'Hormone birth pill' for girls aged 10 for girls'

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The Independent Online
A PROPOSAL that girls as young as 10 could in the future be implanted with long-acting hormonal contraceptives provoked a dispute yesterday over the best way to tackle Britain's high teenage birth rate.

Professor John Guillebaud, medical director of the Margaret Pyke Centre in London and an expert adviser to the Family Planning Association, said a highly effective hormonal implant that has just received its European licence was "ideal" for young girls who are more likely than older women to forget to take the Pill or use a condom.

But his proposal was attacked by anti-abortion and conservative family organisations, who accused him of recommending "chemical castration". It also caused consternation within the family planning movement.

The storm centres on a Dutch-made device called Implanon, a rod of hormones 5cm long, that is inserted under the skin of the arm and lasts for three years. It was granted a European licence last December and is expected to be ratified by the Medicines Control Agency at the end of the month.

Professor Guillebaud, who set out his vision of the future of contraception at a conference in London 10 days ago, said: "In the future, and as a social policy, when you have an area with a huge rate of teenage pregnancies you could go into a school, obviously with the consent of the parents, and fit this device so that everybody would start out not being able to have a baby. It could be fitted into girls once they have had their periods but before they have had sex."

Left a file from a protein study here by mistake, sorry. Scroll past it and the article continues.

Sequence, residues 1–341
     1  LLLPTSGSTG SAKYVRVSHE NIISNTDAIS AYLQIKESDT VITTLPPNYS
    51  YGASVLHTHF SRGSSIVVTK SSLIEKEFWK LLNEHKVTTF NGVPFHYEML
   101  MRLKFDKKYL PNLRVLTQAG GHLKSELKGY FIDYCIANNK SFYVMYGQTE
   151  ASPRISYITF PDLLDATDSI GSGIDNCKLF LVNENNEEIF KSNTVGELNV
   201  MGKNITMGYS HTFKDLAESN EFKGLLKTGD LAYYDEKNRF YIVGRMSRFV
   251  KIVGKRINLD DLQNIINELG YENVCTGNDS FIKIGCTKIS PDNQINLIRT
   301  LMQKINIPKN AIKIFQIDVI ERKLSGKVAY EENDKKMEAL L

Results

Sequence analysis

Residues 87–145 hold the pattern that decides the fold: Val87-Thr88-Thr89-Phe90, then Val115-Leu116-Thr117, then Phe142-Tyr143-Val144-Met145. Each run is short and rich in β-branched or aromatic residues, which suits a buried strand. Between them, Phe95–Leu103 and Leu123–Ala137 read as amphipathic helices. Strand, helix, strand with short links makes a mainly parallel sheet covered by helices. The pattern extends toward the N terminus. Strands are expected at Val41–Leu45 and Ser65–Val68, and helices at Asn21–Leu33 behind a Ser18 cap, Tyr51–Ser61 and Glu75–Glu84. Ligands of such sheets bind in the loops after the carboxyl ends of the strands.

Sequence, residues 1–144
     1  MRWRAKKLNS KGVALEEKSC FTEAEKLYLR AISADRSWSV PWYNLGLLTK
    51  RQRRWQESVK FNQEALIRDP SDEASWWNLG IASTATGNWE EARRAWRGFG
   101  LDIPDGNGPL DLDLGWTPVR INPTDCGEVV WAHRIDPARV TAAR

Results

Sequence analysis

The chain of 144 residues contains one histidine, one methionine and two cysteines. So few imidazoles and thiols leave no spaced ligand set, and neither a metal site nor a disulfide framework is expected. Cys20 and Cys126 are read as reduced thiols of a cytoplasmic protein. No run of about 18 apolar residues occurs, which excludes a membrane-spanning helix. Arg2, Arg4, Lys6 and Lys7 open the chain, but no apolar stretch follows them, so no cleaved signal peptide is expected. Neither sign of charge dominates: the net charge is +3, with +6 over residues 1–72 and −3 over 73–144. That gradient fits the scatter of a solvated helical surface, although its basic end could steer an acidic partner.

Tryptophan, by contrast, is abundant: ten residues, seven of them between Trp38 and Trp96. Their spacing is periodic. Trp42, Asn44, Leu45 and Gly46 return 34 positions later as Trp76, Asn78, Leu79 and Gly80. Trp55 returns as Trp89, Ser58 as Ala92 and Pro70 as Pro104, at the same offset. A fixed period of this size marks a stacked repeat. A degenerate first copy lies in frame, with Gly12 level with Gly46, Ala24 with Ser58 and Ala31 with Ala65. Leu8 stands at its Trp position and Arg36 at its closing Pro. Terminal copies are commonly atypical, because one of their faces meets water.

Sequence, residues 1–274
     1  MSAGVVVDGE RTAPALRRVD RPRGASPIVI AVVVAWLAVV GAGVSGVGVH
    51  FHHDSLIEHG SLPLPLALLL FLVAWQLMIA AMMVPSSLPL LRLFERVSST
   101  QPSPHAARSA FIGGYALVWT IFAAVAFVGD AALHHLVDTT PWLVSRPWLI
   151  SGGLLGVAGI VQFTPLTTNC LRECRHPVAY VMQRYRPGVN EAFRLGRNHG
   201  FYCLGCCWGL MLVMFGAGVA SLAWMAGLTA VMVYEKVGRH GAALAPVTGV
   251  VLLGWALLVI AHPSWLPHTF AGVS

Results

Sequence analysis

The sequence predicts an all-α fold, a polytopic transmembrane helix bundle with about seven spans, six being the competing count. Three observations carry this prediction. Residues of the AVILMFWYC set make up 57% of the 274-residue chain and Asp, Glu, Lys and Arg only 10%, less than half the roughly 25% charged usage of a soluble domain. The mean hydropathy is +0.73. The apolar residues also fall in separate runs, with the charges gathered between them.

Professor Guillebaud said yesterday his remarks had been misinterpreted to suggest he was recommending girls of 10 be fitted with contraceptive devices today when he was speculating about what might happen in a decade or more.

"As of now, Implanon might be used for young girls who are already sexually active and who have difficulty remembering to take the contraceptive pill," he said. "But I was looking ahead to some future society where, given the technology to switch fertility on and off without side-effects, we might choose to put the whole of society on it. I don't think society is ready for it yet and the implication that girls could now go and have sex at age 10 was not my message at all."

Valerie Riches, of Family Youth Concern, said yesterday: "I think the whole idea is repugnant. It will give youngsters the go-ahead to engage in sexual intercourse at an even earlier age." The family campaigner Victoria Gillick said: "This amounts to the spaying of young children. It is outrageous. It is the wholesale sterilisation of young children. It is chemical castration. It is repugnant."